Sun filtering through Ontario forest

Hybrid Green Burials in Ontario

Natural burial grounds are found either attached to conventional cemeteries (“hybrids”) or they are acres of land in the countryside (“stand-alones”).  There aren’t any stand-alones in Ontario yet (we’re working on it), but there are four hybrids that are our favourites because they really care about the families, and also take care to nurture the land.  Sign up for our e-news so every time there’s a new natural burial ground you know about it, and hopefully there’s one near you soon.

Willow`s Rest

Willow`s Rest

Niagara Falls

Willow’s Rest, which opened in 2017, offers 2 acres of natural habitat nestled at the back of Fairview Cemetery. Nearly two hundred new native trees were planted which will ultimately create an enclosure for the beautiful wildflower meadow. A local artist carved a bench and sculpture from a fallen ash tree, and a communal stone to engrave the names of those buried in the green section was culled from a local quarry. There are several monarch butterfly pollinator gardens. An educational program invites school groups to help plant wildflowers and expose them to something natural in life: death.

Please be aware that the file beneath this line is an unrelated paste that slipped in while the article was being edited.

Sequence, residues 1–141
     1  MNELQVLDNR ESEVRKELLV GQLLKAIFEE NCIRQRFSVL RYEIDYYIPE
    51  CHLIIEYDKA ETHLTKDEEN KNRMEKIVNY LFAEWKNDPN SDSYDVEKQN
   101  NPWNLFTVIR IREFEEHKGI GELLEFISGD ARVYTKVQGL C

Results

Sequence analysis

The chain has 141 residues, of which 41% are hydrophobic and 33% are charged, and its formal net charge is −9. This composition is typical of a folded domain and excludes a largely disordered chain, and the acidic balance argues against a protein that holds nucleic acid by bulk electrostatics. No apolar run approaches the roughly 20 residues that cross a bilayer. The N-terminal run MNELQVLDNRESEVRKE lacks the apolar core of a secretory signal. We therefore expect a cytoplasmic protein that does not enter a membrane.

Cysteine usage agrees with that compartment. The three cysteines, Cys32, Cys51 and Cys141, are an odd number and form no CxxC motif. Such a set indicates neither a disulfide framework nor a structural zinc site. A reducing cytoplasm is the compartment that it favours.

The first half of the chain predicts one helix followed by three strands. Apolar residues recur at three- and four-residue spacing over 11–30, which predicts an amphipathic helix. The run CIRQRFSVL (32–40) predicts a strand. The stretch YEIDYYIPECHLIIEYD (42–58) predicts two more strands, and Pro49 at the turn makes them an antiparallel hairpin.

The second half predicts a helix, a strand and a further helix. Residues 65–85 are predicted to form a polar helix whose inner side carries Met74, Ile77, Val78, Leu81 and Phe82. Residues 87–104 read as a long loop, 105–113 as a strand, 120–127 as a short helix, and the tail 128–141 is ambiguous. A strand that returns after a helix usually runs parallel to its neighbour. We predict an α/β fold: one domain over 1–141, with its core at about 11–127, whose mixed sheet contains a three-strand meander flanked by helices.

Parkview Cemetery

Parkview Cemetery

Waterloo

With two osprey nests, and wildflowers in abundance, Waterloo’s Parkview Cemetery has created a green burial area as a natural means of caring for the deceased with minimal environmental consequences. The green burial area offers a colourful and pleasing cemetery landscape that promotes native insects, wildlife and organisms to find habitat. Once a green burial has been completed a new cover of native wildflower seed mix is spread over the site, and a locally sourced communal stone memorial is available for engraving the names of loved ones.

Union Cemetery

Union Cemetery

Cobourg

Union Cemetery’s green burial section, which opened in 2012, is Ontario’s first modern day green burial. Behind the conventional cemetery lies a meadow overlooking Cobourg Creek. The managers of the site do all they can to minimize a carbon footprint, including digging the graves by hand. Dedicated land stewards, they also pull out any invasive species by hand. If cremated remains are at home waiting to be interred together with a loved one then they will accept those cremains, understanding that partners and families desire to rest together.

Glenwood Cemetery

Glenwood Cemetery

Picton

In the middle of the picturesque town of Picton lies a cemetery that dates back to the 1870s. Within the cemetery grounds, Glenwood Cemetery created a quarter-acre of green cemetery to offer the community a final resting place among the trees and a simpler, greener burial. Names of the deceased are etched in bronze plaques attached to a large boulder. What is truly unique about this natural burial site is that it is within wooded area. Burials occur in a forested area, with the sun poking through. Great attention is paid so that the tree roots are not disturbed.

Accredited by the Green Burial Society of Canada